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9 May 22
Reading time: 5 minutes
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My Money Sorted is our series exploring people’s experiences and views about money on their journey to living sorted. We spoke with Jessamy, who works as an external communications manager at the Financial Markets Authority (FMA). Jess lives with her husband Tony and children Matilda and Henry in Te Atatu. Working in the financial sector, Jess has learned a lot about money and behaviour that she may not have otherwise – and is putting her knowledge to good use.
I think it’s that old Dickens quote: 'Annual income 20 pounds, annual expenditure 19 [pounds] 19 [shillings] and six [pence], result happiness. Annual income 20 pounds, annual expenditure 20 pounds ought and six, result misery.' Which basically means, spend less than you bring in, and you’ll be happy. Spend more, and you’ll be miserable. I like this quote for three reasons. One, it speaks to being intentional with money. Two, it warns of debt. And three, it links how we manage our money to our overall wellbeing.
I would say I am a reformed spender. Lately I have been thinking about how money spent relates to happiness gained, so I can spend more on what brings me the most happiness. This allows me to reduce spending on everything else, with the goal of increasing the gap between my income and expenses so I can save and invest more.
Interestingly, the things that bring me the most happiness – like going for a long walk with a podcast and a coffee, reading a great book, visiting my whānau or watching my son play cricket on a Saturday morning – cost very little.
My first experience of investing was with KiwiSaver, and then I started DIY investing with Sharesies – picking and choosing my own investments. I did that for a year or so, before realising it was a lot simpler to just leave it to the experts, so I opened a managed fund and we make regular contributions from our wages. We’re not planning on spending that money for at least ten years or more, so we’re comfortable with a higher risk fund.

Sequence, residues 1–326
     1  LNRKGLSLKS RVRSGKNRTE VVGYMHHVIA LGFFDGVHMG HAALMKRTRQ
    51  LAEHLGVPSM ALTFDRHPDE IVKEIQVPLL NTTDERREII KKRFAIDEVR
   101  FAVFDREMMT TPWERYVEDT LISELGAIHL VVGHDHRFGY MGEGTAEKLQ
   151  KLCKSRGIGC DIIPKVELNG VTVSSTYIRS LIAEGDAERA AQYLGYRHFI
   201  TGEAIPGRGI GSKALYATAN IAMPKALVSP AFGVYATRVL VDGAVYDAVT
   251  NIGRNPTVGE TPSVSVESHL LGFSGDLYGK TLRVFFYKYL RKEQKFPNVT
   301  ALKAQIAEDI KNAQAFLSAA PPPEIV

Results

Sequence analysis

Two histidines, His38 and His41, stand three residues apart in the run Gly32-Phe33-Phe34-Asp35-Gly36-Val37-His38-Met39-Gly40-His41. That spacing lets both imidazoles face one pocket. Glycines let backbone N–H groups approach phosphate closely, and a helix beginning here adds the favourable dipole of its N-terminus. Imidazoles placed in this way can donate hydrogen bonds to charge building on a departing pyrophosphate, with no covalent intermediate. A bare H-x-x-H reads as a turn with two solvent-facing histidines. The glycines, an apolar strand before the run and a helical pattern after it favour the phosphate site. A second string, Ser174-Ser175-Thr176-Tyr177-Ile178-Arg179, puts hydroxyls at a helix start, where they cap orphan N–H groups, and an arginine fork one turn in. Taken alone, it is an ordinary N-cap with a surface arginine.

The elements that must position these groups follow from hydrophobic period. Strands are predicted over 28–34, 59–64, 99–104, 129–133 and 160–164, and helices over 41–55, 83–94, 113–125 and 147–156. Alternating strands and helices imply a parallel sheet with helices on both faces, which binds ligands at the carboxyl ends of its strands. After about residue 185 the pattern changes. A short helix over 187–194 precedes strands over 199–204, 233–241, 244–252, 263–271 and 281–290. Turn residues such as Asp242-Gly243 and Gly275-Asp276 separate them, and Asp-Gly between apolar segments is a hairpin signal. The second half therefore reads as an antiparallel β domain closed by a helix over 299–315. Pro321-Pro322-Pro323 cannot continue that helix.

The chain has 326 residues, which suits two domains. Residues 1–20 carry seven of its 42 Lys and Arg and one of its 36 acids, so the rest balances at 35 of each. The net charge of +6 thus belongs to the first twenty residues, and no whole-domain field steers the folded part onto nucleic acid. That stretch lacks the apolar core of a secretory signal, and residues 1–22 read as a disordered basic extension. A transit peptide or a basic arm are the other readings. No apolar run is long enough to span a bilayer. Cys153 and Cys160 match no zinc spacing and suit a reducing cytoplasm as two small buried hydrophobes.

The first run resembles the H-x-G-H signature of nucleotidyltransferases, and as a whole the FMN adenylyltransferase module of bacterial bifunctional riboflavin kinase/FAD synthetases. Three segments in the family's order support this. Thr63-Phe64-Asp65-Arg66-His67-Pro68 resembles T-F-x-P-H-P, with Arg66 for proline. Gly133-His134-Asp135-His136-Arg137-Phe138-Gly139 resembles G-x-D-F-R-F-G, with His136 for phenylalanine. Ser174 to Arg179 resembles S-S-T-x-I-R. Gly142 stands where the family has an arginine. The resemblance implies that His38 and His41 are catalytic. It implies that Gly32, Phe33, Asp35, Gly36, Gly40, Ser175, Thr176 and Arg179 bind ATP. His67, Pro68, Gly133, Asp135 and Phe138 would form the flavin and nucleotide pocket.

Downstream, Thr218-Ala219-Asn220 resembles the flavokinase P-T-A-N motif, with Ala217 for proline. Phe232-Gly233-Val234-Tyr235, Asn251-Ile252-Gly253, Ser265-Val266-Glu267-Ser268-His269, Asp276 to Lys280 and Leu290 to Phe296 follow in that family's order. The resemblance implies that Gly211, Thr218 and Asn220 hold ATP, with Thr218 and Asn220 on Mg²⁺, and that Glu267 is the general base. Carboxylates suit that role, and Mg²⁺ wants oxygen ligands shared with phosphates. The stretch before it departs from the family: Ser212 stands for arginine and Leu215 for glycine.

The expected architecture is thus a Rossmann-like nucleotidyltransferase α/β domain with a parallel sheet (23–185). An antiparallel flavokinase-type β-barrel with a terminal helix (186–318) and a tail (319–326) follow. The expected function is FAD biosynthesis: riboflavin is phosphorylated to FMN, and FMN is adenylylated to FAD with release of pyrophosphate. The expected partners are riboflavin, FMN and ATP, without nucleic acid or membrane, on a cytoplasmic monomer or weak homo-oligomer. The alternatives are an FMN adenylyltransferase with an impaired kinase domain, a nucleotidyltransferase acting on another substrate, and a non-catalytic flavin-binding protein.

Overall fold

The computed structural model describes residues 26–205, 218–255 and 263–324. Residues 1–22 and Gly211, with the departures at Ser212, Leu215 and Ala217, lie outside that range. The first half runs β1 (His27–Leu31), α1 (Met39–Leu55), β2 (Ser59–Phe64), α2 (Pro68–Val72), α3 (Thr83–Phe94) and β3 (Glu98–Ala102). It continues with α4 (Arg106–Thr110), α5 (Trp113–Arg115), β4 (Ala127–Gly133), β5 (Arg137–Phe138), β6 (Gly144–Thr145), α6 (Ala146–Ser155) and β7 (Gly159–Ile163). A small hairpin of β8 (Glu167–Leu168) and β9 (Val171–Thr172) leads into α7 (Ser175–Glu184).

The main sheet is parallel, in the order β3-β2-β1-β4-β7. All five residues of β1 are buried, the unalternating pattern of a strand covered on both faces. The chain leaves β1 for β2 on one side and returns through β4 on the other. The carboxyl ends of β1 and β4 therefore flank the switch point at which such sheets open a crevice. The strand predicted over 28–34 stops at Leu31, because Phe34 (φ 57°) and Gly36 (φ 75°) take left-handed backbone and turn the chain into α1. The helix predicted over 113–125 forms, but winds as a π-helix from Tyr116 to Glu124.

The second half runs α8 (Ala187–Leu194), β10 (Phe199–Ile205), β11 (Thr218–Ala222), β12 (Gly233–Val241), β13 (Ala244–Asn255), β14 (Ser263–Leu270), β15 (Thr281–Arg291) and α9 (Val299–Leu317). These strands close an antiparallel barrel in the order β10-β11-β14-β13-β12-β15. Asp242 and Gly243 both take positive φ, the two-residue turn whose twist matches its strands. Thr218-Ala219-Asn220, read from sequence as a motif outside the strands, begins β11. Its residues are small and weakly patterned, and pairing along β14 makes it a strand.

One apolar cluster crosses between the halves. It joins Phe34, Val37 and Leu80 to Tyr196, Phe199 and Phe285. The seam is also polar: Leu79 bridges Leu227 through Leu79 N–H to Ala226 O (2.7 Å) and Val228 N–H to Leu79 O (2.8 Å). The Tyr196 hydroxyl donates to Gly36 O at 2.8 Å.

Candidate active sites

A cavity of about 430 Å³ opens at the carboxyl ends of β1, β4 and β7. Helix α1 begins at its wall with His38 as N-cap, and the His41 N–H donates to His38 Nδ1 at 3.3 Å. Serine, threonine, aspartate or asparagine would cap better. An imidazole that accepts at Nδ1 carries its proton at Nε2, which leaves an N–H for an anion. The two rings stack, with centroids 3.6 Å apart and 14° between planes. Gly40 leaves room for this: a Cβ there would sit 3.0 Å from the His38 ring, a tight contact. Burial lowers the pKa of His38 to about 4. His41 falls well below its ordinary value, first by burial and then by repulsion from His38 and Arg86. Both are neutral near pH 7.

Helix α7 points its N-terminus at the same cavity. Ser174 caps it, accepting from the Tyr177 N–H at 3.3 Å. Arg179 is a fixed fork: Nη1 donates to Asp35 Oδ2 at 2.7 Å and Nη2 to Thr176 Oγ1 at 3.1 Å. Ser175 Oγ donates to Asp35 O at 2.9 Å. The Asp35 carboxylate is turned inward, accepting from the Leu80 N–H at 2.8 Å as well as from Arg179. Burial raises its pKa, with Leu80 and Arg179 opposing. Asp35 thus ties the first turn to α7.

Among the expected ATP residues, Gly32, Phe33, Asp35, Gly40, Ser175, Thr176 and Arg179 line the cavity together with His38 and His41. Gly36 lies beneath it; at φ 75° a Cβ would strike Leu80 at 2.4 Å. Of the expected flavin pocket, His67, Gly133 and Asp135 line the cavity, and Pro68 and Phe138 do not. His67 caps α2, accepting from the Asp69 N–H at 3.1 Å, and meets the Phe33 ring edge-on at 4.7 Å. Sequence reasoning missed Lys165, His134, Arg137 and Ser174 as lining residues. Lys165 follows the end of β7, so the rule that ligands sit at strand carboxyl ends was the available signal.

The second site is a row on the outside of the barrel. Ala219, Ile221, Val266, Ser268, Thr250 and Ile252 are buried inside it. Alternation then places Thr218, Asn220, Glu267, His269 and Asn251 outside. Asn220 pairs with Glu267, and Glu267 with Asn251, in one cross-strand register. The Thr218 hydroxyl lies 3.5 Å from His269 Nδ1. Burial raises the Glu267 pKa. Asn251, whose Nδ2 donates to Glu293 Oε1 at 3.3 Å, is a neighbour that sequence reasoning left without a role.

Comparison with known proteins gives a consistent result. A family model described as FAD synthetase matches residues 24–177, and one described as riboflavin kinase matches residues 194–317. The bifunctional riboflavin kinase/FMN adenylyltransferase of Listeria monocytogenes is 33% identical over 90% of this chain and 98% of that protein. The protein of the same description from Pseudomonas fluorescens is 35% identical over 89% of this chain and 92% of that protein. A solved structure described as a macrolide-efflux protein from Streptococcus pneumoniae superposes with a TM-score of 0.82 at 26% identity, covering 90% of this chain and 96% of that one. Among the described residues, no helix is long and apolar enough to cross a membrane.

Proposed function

I think getting rid of my credit card permanently a few years ago was a turning point for me. I read The Barefoot Investor and realised even that, even though I paid it off every month, it still wasn’t worth it because of the annual account fee.
I switched to a Visa debit card, which has been just as convenient, if not more so because I’m spending my own money, not the bank’s. People say: what about the reward points? Scott Pape has a good argument for this in the book.
I think it’s keeping track of things and feeling like I’m making progress. I enjoy reading personal finance books and following money bloggers – I find this quite motivating. I follow a bunch of social accounts like Rachel Cruz, Money with Jess, the Broke Generation and Frances Cook. I recently read Frances Cook’s new book Your Money, Your Future, which was excellent; her first book is great too.
I’m one of four kids, and we didn’t have a lot of money growing up, so my parents were very frugal. Mum is the best bargain hunter, and she was so creative.
I inherited her love of op-shopping. It’s frugal, it’s more sustainable, and you’re usually supporting a worthy charity like Hospice or the Sallies.
I think simple things, like being able to cook well, sew a button, craft and create special experiences for kids without spending a lot are things I got from my mum.
My Dad taught us about budgeting, saving and investing. Still to this day he writes all their household expenditure into categories in one of those old school maths books. Dad is a huge advocate of KiwiSaver, and all four of us have KiwiSaver at his insistence. Two of my brothers used their KiwiSaver to get into their first homes.
Keep going! You can do it!
Certainly buying and owning a house in Auckland is something I am grateful for every day. But it’s been more of a series of moments over time, which has resulted in a mindset shift towards being more content. I’m more confident now, recognising society’s ongoing focus on consumption and being able to step out of that.
Perhaps the proudest money moments in my life have actually been those of gratitude – seeing that actually we have (and are) enough.
I love to cook, and I finally got a proper, decent, expensive kitchen knife. It has greatly improved the cooking experience, and so far I haven’t managed to cut myself, which is a win.
If you asked me this a few years ago, I think I would have felt more uncertain! But recently I made some important changes to my KiwiSaver, which made me feel more comfortable.
The first thing I did was change my provider from a big bank to an investment firm. Then, I adjusted my risk profile. Because I’m 40 with 25 years to go, I felt comfortable taking on more risk.
Then I increased my contributions. This has already made a huge difference to my balance. I’ve done the sums on Sorted’s KiwiSaver calculator, and I feel okay with where I’m at now.
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